Permanent URL to this publication: http://dx.doi.org/10.5167/uzh-47341
Scharl, M; Rogler, G (2010). Microbial sensing by the intestinal epithelium in the pathogenesis of inflammatory bowel disease. International Journal of Inflammation, 2010:671258.
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Recent years have raised evidence that the intestinal microbiota plays a crucial role in the pathogenesis of chronic inflammatory bowels diseases. This evidence comes from several observations. First, animals raised under germ-free conditions do not develop intestinal inflammation in several different model systems. Second, antibiotics are able to modulate the course of experimental colitis. Third, genetic polymorphisms in a variety of genes of the innate immune system have been associated with chronic intestinal inflammatory diseases. Dysfunction of these molecules results in an inappropriate response to bacterial and antigenic stimulation of the innate immune system in the gastrointestinal tract. Variants of pattern recognition receptors such as NOD2 or TLRs by which commensal and pathogenic bacteria can be detected have been shown to be involved in the pathogenesis of IBD. But not only pathways of microbial detection but also intracellular ways of bacterial processing such as autophagosome function are associated with the risk to develop Crohn's disease. Thus, the "environment concept" and the "genetic concept" of inflammatory bowel disease pathophysiology are converging via the intestinal microbiota and the recognition mechanisms for an invasion of members of the microbiota into the mucosa.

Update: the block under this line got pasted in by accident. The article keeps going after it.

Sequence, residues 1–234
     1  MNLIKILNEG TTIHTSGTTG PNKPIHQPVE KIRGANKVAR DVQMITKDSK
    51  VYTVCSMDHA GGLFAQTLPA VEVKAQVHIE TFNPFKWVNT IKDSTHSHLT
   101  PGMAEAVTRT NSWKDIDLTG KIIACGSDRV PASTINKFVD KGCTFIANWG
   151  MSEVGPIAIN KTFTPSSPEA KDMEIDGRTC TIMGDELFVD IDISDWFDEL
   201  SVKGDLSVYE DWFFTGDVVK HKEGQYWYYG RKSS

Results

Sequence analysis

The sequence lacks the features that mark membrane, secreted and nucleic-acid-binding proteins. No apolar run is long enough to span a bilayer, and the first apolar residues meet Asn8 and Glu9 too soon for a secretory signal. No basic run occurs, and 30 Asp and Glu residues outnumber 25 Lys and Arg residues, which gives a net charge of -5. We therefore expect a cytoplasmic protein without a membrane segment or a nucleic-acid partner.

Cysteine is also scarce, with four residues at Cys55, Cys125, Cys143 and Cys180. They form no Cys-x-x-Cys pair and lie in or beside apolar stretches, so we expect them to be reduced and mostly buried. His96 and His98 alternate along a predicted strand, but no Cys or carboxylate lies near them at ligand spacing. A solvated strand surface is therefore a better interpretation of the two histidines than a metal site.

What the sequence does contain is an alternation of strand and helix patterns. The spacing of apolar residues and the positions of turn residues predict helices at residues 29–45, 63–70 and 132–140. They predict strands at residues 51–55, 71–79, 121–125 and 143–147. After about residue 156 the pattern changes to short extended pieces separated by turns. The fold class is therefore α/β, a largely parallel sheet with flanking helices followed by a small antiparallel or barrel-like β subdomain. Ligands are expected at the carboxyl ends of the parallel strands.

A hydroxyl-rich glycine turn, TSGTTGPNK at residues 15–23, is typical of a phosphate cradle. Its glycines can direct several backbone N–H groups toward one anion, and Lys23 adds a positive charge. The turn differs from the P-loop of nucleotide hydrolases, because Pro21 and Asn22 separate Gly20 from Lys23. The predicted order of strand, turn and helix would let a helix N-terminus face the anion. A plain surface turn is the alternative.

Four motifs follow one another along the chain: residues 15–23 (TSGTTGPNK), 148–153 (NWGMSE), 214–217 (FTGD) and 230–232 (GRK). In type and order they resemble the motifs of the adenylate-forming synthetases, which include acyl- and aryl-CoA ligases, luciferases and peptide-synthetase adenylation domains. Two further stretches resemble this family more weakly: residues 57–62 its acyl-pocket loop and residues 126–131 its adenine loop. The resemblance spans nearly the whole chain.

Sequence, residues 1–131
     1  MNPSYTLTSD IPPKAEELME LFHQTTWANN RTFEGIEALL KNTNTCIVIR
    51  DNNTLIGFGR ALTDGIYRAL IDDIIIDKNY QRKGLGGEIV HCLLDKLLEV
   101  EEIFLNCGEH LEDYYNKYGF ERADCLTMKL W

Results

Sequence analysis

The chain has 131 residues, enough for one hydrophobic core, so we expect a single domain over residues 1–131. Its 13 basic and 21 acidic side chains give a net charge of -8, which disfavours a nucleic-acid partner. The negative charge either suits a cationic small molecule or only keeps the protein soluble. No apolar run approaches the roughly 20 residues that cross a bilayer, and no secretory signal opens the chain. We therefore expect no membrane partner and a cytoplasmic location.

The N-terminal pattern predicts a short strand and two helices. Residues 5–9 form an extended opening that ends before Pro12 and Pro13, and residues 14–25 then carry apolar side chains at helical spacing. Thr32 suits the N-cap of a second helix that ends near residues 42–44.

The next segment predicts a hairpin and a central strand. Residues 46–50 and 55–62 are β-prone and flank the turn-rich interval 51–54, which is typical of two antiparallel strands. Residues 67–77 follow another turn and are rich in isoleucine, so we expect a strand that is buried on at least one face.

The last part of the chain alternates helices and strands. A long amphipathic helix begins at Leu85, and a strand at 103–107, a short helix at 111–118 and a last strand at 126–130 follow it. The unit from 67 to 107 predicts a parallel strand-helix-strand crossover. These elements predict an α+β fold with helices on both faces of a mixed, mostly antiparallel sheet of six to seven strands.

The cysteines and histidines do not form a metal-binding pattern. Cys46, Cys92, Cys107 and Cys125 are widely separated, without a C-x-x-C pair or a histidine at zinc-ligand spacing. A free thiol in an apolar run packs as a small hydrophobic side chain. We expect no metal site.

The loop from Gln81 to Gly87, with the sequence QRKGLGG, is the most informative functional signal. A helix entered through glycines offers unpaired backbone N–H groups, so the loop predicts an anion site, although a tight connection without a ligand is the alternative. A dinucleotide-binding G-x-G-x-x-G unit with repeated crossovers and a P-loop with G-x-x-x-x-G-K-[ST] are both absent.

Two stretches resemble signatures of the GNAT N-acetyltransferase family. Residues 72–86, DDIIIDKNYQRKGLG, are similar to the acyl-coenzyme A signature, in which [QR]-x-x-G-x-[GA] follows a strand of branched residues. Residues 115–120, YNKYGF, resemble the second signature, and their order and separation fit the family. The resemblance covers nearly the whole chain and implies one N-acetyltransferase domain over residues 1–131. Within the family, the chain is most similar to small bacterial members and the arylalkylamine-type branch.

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|Item Type:||Journal Article, refereed, original work|
|Communities & Collections:||04 Faculty of Medicine > University Hospital Zurich > Clinic for Gastroenterology and Hepatology|
|DDC:||610 Medicine & health|
|Deposited On:||03 Mar 2011 19:19|
|Last Modified:||23 Nov 2012 16:22|
|Free access at:||PubMed ID. An embargo period may apply.|
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